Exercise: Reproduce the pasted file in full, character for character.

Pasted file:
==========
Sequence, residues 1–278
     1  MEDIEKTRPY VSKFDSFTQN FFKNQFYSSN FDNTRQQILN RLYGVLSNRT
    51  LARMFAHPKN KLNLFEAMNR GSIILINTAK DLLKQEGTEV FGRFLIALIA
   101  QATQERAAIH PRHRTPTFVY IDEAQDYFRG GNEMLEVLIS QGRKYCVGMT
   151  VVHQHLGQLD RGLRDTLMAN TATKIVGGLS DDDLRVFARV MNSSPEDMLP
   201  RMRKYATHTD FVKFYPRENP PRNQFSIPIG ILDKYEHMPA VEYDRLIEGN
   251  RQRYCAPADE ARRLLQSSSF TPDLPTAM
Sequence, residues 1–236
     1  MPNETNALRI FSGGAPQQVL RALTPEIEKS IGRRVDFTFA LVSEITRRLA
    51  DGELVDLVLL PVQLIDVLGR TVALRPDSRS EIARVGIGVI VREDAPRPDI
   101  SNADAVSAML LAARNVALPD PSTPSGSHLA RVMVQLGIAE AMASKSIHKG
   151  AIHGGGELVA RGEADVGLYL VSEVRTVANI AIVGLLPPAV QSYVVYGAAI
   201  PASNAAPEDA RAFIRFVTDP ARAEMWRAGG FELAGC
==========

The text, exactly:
Sequence, residues 1–278
     1  MEDIEKTRPY VSKFDSFTQN FFKNQFYSSN FDNTRQQILN RLYGVLSNRT
    51  LARMFAHPKN KLNLFEAMNR GSIILINTAK DLLKQEGTEV FGRFLIALIA
   101  QATQERAAIH PRHRTPTFVY IDEAQDYFRG GNEMLEVLIS QGRKYCVGMT
   151  VVHQHLGQLD RGLRDTLMAN TATKIVGGLS DDDLRVFARV MNSSPEDMLP
   201  RMRKYATHTD FVKFYPRENP PRNQFSIPIG ILDKYEHMPA VEYDRLIEGN
   251  RQRYCAPADE ARRLLQSSSF TPDLPTAM
Sequence, residues 1–236
     1  MPNETNALRI FSGGAPQQVL RALTPEIEKS IGRRVDFTFA LVSEITRRLA
    51  DGELVDLVLL PVQLIDVLGR TVALRPDSRS EIARVGIGVI VREDAPRPDI
   101  SNADAVSAML LAARNVALPD PSTPSGSHLA RVMVQLGIAE AMASKSIHKG
   151  AIHGGGELVA RGEADVGLYL VSEVRTVANI AIVGLLPPAV QSYVVYGAAI
   201  PASNAAPEDA RAFIRFVTDP ARAEMWRAGG FELAGC